Mennonites in Canada during World War I found provincial governments seeking to use the schools to instill patriotic sentiments and foster Canadian nationalism. Later, as Hitler rose to power in Germany, some German Mennonite immigrants in Canada voiced support for his social reforms (Epp, Mennonites in Canada II, 548-56). Military conscription during wartime tested Mennonite loyalties. In recent years as Mennonites have gained recognition in all sectors of Canadian life, Canadian Mennonite patriotism has increased.
Among prosperous people the causes of patriotism are similar: reaction to persecution and avoidance of suffering, appreciation for comfortable circumstances and the desire for social acceptance. It may be argued that the great Mennonite outpouring of relief activity after World War II was in part an effort to demonstrate that Mennonites were good citizens and patriots. The consequences too are similar: muting the call for justice for the poor and oppressed, negating the peace witness and ignoring that the church is an international body.
The poignant cry of Hubert Brown, a black American Mennonite, may sum up the global challenge which patriotism poses for Mennonites and all Christians: "... somewhere along the way from Anabaptism to Mennonitism something drastic has taken place. In my estimation, it is our Mennonite incompatibility with the Anabaptist Christ. As a black Mennonite living in these times of painful oppression and exploitation, I have to wonder what kind of Christ we are serving. I want nothing to do with an American Christ, a blue-eyed white dude that affirms the values of a sick and fallen society. I don't trust the American Christ" (Black and Mennonite, 80).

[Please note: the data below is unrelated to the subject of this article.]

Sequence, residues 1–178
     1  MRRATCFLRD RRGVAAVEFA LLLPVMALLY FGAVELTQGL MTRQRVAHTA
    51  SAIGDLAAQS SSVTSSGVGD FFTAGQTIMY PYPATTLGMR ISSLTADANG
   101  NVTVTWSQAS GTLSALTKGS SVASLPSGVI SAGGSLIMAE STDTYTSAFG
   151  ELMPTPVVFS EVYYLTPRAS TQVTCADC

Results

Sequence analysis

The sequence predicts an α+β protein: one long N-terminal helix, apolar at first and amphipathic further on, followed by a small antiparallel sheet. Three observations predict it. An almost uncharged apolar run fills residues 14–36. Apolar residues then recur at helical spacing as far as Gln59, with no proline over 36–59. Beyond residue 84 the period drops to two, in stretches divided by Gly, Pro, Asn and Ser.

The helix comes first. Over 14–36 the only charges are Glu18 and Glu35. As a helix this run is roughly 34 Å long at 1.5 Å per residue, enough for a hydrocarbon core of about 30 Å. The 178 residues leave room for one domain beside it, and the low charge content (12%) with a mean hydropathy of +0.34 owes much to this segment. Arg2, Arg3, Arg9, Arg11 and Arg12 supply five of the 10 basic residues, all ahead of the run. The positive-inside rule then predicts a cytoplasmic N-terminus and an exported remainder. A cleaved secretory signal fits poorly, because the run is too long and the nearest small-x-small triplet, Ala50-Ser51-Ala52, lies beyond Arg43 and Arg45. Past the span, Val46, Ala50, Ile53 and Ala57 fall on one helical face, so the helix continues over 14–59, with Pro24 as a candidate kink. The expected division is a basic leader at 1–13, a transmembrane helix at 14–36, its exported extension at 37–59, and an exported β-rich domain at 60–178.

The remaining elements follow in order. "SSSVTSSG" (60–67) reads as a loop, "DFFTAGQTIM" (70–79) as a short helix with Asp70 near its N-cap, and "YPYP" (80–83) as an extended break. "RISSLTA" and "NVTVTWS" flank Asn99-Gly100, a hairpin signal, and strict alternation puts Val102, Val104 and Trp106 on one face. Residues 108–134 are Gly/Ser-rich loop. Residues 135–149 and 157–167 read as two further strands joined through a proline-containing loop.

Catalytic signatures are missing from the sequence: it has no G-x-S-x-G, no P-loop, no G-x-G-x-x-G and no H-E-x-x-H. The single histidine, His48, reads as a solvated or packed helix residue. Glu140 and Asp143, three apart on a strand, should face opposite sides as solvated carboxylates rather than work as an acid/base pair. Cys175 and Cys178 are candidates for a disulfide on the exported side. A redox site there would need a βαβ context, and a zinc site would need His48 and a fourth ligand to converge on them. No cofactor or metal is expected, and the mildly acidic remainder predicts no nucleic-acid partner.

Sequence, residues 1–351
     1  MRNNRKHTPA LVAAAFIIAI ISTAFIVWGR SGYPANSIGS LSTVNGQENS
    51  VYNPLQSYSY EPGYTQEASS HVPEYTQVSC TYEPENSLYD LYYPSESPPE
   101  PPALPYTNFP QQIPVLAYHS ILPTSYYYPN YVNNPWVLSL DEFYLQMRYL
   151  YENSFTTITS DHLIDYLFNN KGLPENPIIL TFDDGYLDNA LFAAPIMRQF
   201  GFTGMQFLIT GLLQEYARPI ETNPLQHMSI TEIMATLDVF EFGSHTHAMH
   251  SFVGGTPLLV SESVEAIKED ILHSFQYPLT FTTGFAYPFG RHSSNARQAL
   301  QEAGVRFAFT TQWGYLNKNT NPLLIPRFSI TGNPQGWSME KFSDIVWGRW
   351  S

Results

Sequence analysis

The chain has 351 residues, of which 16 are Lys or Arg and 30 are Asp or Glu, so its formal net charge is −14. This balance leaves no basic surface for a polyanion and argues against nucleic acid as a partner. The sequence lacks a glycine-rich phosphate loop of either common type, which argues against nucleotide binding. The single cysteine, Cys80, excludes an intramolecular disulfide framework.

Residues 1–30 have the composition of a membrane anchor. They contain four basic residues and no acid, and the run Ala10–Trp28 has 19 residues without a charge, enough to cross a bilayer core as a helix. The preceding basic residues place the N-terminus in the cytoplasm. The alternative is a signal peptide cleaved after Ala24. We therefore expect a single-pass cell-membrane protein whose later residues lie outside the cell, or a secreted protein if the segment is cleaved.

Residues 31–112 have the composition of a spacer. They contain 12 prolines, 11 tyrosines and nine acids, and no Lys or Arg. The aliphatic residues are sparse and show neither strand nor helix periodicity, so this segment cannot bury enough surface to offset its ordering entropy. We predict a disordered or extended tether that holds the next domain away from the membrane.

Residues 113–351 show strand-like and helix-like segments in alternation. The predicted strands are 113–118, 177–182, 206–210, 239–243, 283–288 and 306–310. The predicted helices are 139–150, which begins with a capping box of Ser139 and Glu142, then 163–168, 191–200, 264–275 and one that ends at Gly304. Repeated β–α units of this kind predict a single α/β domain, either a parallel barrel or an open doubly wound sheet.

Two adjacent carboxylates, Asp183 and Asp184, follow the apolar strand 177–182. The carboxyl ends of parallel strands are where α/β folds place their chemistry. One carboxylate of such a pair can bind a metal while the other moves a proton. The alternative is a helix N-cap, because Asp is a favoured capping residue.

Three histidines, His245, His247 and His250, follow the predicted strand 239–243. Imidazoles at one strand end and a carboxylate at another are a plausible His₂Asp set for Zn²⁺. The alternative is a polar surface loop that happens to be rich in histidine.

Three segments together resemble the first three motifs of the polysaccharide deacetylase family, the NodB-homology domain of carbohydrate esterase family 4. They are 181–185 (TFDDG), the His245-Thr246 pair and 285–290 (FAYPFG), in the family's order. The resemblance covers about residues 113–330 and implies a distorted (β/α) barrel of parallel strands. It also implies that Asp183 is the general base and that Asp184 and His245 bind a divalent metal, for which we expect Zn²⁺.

Peachey, Urbane, ed. Mennonite Statements on Peace and Social Concerns, 1900-1978. Akron, PA: Mennonite Central Committee, 1980, esp. 5-9.
Kraybill, Donald B. Our Star-spangled Faith. Scottdale, PA: Herald Press, 1976.
Redekop, John H. "Mennonites and Politics in Canada and the United States." Journal of Mennonite Studies 1 (1983): 79-105.
Klaassen, Walter. "The Nature of the Anabaptist Protest." Mennonite Quarterly Review 45 (1971): 291-311.
MacMaster, Richard K. Land, Piety, Peoplehood: the Establishment of Mennonite Communities in America, 1683-1790, The Mennonite Experience in America (MEA), vol. 1. Scottdale, PA: Herald Press, 1985: 229-80.
Ruth, John L. 'Twas Seeding Time. Scottdale, PA: Herald Press, 1976.
Epp, Frank H. Mennonites in Canada, 1920-1940: a People's Struggle for Survival. Toronto: Macmillan of Canada, 1982: 543-92.
Brown, Hubert. Black and Mennonite: a Search for Identity. Scottdale, PA: Herald Press, 1976.
Wiebe, Menno. "Mennonite Adaptation and Identity," in Call to Faithfulness: Essays in Canadian Mennonite studies, ed. Henry Poettcker and Rudy Regehr. Winnipeg: CMBC, 1972: 117-88.
Juhnke, James C. A People of Two Kingdoms. Newton, KS: Faith and Life Press, 1975.
Lapp, John A. A Dream for America. Scottdale, PA: Herald Press, 1976.
"Citizens and Disciples: Christian Essays on Nationalism." Akron, PA: Mennonite Central Committee, 1974, 31pp.
Toews, John B. Czars, Soviets, and Mennonites. Newton, KS: Faith and Life Press, 1982, 63ff
|Author(s)||John K. Stoner|
|Robert S. Kreider|
Cite This Article
Stoner, John K. and Robert S. Kreider. "Patriotism." Global Anabaptist Mennonite Encyclopedia Online. 1989. Web. 19 Jan 2018. http://gameo.org/index.php?title=Patriotism&oldid=76878.
Stoner, John K. and Robert S. Kreider. (1989). Patriotism. Global Anabaptist Mennonite Encyclopedia Online. Retrieved 19 January 2018, from http://gameo.org/index.php?title=Patriotism&oldid=76878.
Adapted by permission of Herald Press, Harrisonburg, Virginia, from Mennonite Encyclopedia, Vol. 5, pp. 679-680. All rights reserved.